By reconsidering the theme of isolation in the philosophy of technology, and by drawing upon recent developments in social ontology, Lawson provides an account of technology that will be of interest and value to those working in a variety of different fields. Technology and Isolation includes chapters on the philosophy, history, sociology and economics of technology and contributes to such diverse topics as the historical emergence of the term 'technology', the sociality of technology, the role of technology in social acceleration, the relationship between Marx and Heidegger, and the relationship between technology and those with autism. The central contribution of the book is to provide a new ontology of technology. In so doing, Lawson argues that much of the distinct character of technology can be explained or understood in terms of the dynamic that emerges from technology's peculiar constitutional mix of isolatable and non-isolatable components.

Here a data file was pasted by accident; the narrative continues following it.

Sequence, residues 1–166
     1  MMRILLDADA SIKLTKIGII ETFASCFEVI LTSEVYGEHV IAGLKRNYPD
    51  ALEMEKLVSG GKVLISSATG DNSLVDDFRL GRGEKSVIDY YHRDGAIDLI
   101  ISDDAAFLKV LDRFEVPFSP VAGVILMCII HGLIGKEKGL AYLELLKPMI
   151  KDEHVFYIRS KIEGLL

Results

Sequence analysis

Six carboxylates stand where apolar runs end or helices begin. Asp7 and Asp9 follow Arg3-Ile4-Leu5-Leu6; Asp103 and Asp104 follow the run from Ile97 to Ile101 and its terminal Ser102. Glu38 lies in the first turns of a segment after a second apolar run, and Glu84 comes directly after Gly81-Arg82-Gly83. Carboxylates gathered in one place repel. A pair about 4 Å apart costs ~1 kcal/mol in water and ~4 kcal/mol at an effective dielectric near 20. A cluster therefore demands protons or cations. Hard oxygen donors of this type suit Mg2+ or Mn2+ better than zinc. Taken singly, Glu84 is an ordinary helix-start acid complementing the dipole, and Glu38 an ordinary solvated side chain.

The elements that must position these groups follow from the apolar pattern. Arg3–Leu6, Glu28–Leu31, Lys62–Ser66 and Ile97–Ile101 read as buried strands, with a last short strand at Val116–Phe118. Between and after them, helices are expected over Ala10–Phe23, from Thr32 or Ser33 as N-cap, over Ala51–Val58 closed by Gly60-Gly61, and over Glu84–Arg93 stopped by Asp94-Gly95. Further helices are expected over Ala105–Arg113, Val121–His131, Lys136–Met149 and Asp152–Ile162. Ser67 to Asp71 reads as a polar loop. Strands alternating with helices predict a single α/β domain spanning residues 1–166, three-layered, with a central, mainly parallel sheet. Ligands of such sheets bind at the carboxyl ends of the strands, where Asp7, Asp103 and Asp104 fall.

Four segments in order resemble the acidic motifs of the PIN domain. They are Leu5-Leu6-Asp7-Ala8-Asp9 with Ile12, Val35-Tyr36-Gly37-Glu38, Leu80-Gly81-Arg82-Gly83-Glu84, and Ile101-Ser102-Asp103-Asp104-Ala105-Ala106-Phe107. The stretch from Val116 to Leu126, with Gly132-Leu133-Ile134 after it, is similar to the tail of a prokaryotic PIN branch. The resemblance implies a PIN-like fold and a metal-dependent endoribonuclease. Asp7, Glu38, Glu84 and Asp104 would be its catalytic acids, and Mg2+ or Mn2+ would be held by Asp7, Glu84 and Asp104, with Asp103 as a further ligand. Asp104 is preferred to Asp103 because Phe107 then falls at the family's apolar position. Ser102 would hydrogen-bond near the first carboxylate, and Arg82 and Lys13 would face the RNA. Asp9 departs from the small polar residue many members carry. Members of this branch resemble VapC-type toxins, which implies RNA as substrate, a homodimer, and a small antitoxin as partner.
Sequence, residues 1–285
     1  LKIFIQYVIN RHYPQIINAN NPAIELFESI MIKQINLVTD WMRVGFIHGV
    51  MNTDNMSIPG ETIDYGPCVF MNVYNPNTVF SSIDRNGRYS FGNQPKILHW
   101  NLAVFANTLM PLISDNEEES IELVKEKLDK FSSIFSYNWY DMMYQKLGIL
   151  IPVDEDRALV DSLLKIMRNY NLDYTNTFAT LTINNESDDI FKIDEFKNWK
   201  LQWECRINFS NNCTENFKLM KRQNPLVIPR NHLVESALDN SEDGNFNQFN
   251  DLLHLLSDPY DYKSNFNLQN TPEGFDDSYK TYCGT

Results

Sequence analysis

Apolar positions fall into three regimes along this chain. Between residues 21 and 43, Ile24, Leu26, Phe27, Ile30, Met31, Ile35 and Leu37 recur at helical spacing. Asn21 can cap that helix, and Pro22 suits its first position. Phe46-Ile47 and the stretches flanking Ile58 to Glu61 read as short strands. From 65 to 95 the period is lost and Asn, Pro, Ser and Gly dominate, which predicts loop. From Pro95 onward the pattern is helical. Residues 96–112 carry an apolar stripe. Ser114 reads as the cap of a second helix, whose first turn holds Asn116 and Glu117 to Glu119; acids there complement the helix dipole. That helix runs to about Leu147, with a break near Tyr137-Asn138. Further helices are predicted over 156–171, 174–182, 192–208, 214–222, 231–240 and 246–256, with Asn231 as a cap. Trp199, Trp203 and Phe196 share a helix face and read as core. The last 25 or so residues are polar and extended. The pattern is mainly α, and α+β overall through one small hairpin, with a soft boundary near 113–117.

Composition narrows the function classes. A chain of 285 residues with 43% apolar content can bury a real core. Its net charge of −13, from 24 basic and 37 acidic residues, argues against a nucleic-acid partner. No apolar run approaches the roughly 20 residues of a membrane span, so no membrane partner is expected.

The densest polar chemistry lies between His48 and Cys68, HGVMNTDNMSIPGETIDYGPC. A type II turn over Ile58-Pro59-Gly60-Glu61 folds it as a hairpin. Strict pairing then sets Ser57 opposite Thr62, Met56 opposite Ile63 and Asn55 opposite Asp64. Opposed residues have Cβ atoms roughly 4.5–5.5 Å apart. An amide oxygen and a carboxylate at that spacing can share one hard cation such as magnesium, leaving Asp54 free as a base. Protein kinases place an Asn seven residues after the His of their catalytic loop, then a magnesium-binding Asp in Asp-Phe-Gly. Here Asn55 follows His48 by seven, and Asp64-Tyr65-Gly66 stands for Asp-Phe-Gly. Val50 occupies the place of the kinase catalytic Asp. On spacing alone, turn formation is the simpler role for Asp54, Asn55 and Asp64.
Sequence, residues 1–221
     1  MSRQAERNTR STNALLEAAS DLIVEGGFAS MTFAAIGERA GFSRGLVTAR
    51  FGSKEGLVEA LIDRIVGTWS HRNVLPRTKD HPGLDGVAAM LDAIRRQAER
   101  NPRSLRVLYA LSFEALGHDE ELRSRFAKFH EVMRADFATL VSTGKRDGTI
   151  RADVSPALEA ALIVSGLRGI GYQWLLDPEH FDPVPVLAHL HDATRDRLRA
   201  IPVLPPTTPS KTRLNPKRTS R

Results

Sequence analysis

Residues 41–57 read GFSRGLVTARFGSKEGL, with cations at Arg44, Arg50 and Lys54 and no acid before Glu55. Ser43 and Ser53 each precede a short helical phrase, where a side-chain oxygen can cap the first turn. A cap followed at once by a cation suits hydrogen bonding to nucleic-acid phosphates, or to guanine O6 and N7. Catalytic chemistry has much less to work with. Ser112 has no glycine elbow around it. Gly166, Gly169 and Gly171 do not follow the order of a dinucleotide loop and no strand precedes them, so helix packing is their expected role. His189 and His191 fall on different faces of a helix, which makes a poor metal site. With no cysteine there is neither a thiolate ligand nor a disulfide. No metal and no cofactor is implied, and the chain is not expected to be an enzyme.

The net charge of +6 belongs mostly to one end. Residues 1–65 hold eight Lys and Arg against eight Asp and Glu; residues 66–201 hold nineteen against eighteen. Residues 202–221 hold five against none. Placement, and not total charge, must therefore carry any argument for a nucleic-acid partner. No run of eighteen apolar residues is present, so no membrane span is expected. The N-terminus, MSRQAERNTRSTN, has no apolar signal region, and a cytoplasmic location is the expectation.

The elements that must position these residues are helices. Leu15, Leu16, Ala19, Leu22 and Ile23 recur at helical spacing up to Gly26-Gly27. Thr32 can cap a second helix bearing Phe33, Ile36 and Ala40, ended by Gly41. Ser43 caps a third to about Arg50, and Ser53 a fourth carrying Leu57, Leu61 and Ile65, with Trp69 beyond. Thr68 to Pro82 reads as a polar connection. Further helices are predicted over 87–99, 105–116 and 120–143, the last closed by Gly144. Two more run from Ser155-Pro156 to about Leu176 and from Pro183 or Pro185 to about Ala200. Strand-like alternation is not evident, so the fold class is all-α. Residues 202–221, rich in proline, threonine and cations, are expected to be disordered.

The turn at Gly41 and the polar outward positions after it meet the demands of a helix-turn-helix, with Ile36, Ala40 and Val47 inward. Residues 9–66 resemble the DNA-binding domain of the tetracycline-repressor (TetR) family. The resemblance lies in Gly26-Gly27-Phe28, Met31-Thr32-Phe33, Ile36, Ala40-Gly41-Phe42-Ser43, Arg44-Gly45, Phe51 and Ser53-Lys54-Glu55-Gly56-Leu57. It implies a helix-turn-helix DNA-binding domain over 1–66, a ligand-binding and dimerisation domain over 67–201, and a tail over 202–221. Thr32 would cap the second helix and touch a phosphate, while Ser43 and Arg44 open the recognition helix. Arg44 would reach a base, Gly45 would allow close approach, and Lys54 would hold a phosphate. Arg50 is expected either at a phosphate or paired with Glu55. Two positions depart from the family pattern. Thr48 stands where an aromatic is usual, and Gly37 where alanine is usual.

Clive Lawson is currently Director of Studies in Economics and Senior College Lecturer at Girton College, Cambridge, as well as Assistant Director of Studies at Gonville and Caius College. He is an editor of the Cambridge Journal of Economics and a founding member of the Cambridge Social Ontology Group. Lawson has published in economics, geography, psychology, sociology, philosophy and environmental economics.
1. Technology questions; 2. Technology - from obscurity to keyword; 3. Ontology and isolation; 4. Science and technology; 5. The sociality of artefacts; 6. Technological artefacts; 7. Technology and the extension of human capabilities; 8. Technology and instrumentalisation; 9. Technology and autism; 10. Technology, recombination and speed; 11. Marx, Heidegger and technological neutrality.